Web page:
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Arabidopsis Book. 2012; 10: e0147.
Published online Jan 31, 2012. doi:  10.1199/tab.0147
PMCID: PMC3350170
Andrej A. Arsovski,a Anahit Galstyan,a Jessica M. Guseman,a and Jennifer L. Nemhausera1
aDepartment of Biology, University of Washington, Box 351800, Seattle, WA 98195-1800
1Address correspondence to ; jn7/at/
As photoautotrophs, plants are exquisitely sensitive to their light environment. Light affects many developmental and physiological responses throughout plants' life histories. The focus of this chapter is on light effects during the crucial period of time between seed germination and the development of the first true leaves. During this time, the seedling must determine the appropriate mode of action to best achieve photosynthetic and eventual reproductive success. Light exposure triggers several major developmental and physiological events. These include: growth inhibition and differentiation of the embryonic stem (hypocotyl); maturation of the embryonic leaves (cotyledons); and establishment and activation of the stem cell population in the shoot and root apical meristems. Recent studies have linked a number of photoreceptors, transcription factors, and phytohormones to each of these events.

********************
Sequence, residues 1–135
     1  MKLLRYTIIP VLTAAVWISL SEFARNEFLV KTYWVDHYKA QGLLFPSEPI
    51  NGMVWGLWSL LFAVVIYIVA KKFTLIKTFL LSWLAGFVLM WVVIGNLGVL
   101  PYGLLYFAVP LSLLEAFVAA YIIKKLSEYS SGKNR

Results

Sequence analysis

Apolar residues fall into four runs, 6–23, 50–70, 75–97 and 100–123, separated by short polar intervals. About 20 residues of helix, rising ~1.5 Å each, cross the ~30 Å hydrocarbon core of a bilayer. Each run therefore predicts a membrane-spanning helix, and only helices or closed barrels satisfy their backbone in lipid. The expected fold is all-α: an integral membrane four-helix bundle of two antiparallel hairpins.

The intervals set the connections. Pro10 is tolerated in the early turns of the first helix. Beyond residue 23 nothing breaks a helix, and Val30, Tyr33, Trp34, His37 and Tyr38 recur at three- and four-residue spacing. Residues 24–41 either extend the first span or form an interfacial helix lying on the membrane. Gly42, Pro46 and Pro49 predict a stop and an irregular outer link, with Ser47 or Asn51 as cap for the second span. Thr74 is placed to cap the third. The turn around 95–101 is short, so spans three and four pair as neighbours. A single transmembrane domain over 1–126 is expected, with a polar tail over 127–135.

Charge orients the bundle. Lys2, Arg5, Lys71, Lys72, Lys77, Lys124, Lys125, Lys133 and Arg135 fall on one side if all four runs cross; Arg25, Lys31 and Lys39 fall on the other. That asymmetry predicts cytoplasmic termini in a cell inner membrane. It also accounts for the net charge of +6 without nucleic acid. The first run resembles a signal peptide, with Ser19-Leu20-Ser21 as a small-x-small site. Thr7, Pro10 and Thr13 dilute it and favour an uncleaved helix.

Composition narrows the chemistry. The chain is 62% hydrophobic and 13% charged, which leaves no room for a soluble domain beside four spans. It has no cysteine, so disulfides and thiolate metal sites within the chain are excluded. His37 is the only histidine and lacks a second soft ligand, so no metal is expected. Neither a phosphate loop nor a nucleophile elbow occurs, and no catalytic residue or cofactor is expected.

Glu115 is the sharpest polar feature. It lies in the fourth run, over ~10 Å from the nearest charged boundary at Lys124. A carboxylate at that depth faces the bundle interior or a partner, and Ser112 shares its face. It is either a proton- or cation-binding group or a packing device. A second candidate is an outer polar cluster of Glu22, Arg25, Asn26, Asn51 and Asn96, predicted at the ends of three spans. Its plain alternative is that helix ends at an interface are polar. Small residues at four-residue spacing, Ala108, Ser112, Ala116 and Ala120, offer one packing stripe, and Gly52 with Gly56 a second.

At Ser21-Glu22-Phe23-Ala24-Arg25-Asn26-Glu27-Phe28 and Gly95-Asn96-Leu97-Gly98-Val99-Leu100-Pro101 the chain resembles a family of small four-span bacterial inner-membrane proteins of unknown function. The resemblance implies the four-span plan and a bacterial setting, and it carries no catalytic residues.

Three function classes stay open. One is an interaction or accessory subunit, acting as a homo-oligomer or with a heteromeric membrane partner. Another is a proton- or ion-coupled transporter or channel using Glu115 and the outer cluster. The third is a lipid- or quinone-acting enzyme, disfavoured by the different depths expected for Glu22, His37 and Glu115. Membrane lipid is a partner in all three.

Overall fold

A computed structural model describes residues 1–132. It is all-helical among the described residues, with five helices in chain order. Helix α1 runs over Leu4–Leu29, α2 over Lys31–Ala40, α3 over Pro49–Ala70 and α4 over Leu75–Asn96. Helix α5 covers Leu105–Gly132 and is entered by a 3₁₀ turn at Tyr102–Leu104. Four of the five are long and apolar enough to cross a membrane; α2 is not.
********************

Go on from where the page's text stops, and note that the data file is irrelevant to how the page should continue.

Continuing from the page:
Articles from The Arabidopsis Book / American Society of Plant Biologists are provided here courtesy of
American Society of Plant Biologists